Reliable test, trace and quarantining systems are vital in preventing COVID-19 transmission. But the UK government rejected putting such systems in place, as they embraced a criminal herd immunity policy in March of last year. The government’s Chief Scientific Adviser, Sir Patrick Valence, openly stated that the government’s strategy was not to “suppress” the virus entirely and “it’s also not desirable because you want some immunity in the population...”
It was only after a growing opposition from the working class at the prospect of up to half a million deaths that the government was forced to impose a national lockdown last spring. The Tories primary concern was then how to reopen schools and the economy to restart the flow of profits.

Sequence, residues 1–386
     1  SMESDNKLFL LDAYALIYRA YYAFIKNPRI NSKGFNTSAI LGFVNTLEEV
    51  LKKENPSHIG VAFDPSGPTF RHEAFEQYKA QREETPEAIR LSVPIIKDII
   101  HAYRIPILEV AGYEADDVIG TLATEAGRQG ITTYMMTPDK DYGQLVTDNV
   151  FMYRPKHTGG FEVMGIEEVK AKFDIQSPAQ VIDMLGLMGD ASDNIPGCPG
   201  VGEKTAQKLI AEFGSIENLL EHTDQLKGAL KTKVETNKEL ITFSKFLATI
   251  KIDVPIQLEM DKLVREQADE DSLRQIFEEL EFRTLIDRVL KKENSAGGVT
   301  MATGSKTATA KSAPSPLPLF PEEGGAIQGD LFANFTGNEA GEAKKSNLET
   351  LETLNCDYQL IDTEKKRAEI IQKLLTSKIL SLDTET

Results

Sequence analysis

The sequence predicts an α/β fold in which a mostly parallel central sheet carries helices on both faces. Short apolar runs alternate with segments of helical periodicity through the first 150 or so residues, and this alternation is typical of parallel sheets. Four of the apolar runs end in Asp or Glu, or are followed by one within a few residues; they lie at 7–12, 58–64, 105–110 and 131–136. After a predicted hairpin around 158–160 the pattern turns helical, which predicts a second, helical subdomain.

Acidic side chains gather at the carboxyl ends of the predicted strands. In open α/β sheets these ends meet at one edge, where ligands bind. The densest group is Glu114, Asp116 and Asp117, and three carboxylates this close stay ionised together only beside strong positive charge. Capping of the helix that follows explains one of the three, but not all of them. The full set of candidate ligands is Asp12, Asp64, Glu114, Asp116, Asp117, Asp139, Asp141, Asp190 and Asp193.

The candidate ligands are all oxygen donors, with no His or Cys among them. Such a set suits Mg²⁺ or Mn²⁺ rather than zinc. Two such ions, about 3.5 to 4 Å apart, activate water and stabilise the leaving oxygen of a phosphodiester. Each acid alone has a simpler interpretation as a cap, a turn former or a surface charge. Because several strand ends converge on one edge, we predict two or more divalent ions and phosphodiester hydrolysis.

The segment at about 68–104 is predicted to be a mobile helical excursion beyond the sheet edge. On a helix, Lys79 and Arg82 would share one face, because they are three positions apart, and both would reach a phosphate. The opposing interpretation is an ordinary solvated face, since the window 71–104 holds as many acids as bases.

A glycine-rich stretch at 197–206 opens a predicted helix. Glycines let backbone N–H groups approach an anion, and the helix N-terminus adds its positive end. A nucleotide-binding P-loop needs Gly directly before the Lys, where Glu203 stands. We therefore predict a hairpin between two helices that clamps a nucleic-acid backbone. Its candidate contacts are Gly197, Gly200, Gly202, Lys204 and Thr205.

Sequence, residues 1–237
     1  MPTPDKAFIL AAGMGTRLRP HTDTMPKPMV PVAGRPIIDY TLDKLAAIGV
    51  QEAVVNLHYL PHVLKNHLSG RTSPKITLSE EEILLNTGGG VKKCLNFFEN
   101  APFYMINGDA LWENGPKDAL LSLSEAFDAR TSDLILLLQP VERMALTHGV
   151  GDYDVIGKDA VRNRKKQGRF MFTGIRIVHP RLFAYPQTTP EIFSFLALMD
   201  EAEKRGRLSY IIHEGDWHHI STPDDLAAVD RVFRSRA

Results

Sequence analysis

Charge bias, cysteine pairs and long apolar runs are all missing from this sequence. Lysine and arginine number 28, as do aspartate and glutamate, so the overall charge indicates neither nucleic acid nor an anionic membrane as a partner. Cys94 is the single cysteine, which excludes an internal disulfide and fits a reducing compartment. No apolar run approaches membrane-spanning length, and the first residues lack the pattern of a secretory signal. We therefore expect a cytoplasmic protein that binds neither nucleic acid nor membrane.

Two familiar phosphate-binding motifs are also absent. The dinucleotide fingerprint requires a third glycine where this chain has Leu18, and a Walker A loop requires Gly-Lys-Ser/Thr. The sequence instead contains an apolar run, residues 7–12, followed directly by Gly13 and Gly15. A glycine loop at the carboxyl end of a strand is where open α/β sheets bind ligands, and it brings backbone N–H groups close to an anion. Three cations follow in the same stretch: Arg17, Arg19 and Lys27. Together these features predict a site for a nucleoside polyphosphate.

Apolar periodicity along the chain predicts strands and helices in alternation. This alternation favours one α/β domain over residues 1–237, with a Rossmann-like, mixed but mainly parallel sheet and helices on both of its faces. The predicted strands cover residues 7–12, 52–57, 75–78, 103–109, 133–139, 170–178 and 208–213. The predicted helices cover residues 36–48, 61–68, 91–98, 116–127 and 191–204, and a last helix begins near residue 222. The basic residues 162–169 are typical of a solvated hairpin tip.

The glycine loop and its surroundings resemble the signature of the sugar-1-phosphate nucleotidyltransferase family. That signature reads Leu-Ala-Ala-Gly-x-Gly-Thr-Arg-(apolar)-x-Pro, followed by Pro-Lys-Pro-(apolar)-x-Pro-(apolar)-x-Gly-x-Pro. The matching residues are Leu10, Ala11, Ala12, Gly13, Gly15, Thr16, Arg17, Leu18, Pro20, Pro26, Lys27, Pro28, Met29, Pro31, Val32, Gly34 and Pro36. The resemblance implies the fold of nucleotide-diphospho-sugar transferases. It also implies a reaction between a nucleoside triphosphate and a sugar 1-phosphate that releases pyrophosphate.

But before it could send millions back to workplaces, it had to roll out a test and trace system. In May 2020, Conservative Party peer, Baroness Dido Harding, was appointed to run the test and trace system and given a massive wad of money, knowing that this would soon line the pockets of the corporate elite, including Tory Party cronies.
The PAC report notes that by the end of October 2020, “NHST&T had signed 407 contracts worth £7 billion with 217 public and private organisations, of which 121 (or 70% of the contract value) were assigned as direct awards without competition under emergency measures.”
The Department of Health and Social Care (DHSC) told PAC that “in November and December, it had awarded a further 207 contracts worth £1.3 billion, of which around 30 were direct awards under emergency regulations.” By the end of the year, DHSC had signed “over 600 contracts for NHST&T-related services''.